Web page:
Harold L. “Brother Hal” Webber was a popular morning announcer on the Little Rock (Pulaski County) radio station KLRA. A large part of central Arkansas woke up to his broadcast for over three decades. His morning show was always filled with homespun humor, storytelling, and advertisements that were more like recommendations from a friend—all interspersed with a mix of gospel and country music. Harold L. Webber was born in Memphis, Tennessee, on February 19, 1926. His grandparents were farmers in Poinsett County, Arkansas, and he spent time there in his younger days soaking up the rural culture and stories. During World War II, he served in the U.S. Navy Seabees. After the war, he returned to Memphis, where he married …

WEHCO Media, Inc.

WEHCO Media, Inc., of Little Rock (Pulaski County) is a privately owned communications company with interests in newspaper publishing, cable television, and digital services. Established in 1909, it operates daily and weekly newspapers, magazines, and cable television companies in six states. WEHCO (pronounced WAY-CO) is an acronym for Walter E. Hussman Company. The company chairman is Walter E. Hussman Jr., who also serves as publisher of the Arkansas Democrat-Gazette, the company’s largest newspaper. Hussman is the grandson of Clyde E. Palmer, whose media holdings formed the basis of WEHCO, and the son of newspaper publisher Walter Hussman Sr. The company has almost 2,000 employees. In a history of his family for the Southern Newspaper Publishers Association, Hussman wrote: “In 1909, …

Wells, Ira James Kohath

A pioneer in education and journalism, Ira James Kohath Wells was a gifted scholar, businessman, and humanitarian with humble rural beginnings. Ira J. K. Wells was born in Tamo (Jefferson County) on July 1, 1898, to William James Wells and Emma Brown Wells. When he was young, half of his leg was amputated after he injured it trying to hop on to a moving freight train. For the rest of his life, he had a wooden prosthetic leg. He finished his secondary education at Branch Normal College in Pine Bluff (Jefferson County)—now the University of Arkansas at Pine Bluff (UAPB)—and then went on to earn a degree in business from Lincoln University in Pennsylvania in 1923. Even as a student, …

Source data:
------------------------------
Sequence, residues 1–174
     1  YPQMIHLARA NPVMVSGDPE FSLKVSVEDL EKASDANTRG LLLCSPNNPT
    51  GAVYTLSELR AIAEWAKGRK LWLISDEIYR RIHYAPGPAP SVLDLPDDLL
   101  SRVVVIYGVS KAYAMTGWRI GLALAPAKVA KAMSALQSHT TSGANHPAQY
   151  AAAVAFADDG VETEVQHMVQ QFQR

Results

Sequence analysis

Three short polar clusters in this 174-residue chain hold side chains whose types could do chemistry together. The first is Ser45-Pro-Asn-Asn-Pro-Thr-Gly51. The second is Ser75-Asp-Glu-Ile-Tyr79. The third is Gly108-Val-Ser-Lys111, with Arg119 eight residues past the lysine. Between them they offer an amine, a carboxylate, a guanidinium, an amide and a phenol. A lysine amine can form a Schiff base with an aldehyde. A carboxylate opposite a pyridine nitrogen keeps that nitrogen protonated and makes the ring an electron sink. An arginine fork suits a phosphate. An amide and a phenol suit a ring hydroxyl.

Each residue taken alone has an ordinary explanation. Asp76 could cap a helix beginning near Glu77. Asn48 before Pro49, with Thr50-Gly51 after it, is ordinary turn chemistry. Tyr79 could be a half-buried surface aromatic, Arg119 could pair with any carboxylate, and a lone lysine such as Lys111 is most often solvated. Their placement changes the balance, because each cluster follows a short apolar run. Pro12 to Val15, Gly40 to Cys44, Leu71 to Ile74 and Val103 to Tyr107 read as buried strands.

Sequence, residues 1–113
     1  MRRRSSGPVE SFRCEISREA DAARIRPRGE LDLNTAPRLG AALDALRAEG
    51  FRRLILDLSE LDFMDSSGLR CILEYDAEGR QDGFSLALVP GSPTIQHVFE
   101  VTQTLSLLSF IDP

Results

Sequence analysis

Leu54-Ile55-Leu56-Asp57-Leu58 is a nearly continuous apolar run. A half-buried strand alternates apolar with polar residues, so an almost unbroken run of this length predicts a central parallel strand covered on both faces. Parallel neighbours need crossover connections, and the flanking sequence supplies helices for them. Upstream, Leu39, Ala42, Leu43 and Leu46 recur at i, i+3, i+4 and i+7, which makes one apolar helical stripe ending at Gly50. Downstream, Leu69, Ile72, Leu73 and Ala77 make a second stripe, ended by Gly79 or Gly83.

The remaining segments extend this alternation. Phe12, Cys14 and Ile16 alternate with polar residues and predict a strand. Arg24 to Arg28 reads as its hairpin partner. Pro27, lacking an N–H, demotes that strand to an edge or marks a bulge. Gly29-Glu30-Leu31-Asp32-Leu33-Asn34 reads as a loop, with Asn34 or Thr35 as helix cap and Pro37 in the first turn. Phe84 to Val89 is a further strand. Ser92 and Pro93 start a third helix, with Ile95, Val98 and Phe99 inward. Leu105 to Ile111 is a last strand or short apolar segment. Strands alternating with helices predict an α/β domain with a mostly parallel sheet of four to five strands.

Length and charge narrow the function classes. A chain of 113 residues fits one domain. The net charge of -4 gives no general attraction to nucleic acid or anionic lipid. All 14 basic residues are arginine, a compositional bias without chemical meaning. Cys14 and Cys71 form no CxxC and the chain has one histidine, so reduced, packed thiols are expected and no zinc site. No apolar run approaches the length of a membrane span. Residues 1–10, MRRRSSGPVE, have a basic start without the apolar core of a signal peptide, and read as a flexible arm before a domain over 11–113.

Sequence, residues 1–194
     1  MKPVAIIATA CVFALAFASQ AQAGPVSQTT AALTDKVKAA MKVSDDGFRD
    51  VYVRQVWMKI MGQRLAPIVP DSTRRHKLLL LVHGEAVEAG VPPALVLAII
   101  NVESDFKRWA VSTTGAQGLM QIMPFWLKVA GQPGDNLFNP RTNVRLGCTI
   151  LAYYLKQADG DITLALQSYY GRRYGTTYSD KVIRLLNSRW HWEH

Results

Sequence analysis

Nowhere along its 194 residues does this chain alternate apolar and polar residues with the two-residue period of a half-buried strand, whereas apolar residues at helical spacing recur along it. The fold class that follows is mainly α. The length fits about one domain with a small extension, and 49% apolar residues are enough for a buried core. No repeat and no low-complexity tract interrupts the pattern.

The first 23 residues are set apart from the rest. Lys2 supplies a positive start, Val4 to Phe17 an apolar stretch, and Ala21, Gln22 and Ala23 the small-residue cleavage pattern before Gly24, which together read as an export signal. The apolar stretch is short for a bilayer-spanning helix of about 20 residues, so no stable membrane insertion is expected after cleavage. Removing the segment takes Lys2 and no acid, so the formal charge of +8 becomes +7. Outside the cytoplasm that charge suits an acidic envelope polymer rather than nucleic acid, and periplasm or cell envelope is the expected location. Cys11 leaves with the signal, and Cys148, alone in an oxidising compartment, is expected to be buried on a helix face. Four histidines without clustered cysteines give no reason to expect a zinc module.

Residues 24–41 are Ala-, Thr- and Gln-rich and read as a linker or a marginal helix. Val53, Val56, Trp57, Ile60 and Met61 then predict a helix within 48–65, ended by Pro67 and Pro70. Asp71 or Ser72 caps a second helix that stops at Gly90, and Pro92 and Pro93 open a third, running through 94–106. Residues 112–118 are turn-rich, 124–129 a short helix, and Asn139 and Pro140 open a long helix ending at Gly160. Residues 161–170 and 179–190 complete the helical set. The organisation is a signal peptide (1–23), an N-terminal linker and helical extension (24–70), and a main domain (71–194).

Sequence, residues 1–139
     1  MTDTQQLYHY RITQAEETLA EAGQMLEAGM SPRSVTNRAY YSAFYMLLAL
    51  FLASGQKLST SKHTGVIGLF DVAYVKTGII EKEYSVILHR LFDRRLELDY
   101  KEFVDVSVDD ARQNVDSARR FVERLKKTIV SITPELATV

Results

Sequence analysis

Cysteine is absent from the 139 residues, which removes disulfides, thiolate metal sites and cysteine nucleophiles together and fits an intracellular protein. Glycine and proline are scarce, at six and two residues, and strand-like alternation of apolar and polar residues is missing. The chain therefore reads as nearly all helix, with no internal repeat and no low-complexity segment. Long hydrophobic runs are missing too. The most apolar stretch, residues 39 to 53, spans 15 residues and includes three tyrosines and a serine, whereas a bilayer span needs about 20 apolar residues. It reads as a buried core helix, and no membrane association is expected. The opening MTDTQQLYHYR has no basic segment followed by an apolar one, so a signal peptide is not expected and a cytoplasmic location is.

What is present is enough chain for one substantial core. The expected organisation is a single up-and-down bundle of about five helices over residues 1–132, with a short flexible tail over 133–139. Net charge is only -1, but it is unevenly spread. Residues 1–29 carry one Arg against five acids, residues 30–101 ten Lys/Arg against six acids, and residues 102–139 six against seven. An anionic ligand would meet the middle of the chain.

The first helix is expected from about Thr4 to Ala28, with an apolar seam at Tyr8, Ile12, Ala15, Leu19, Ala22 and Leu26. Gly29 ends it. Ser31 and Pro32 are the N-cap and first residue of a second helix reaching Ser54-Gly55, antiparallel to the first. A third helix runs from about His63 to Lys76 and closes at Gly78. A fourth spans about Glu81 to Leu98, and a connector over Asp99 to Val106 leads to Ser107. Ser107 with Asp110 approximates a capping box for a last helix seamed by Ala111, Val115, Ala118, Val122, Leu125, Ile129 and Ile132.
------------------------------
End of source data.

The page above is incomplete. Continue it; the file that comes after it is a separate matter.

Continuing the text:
Weston v. Arkansas

aka: Arkansas v. Weston
Joseph Harry Weston v. State of Arkansas dealt with two criminal cases that reached the Arkansas Supreme Court in the 1970s, the second of which led the court to declare the state’s old criminal-libel law unconstitutional. Joseph Harry Weston was the owner and editor of a tiny tabloid newspaper in Cave City (Sharp County) called the Sharp Citizen, which he printed off and on from 1972 until 1978. The paper, which was composed on typewritten stationery with hand-drawn headlines, reveled in strongly opinionated articles that alleged corruption and other scandalous behavior by public officials, businessmen, and common citizens, including Weston’s rural neighbors. The editor’s crusades got national attention but put him into almost perpetual conflict with law-enforcement officials, prosecutors, and …

Weston, Joseph Harry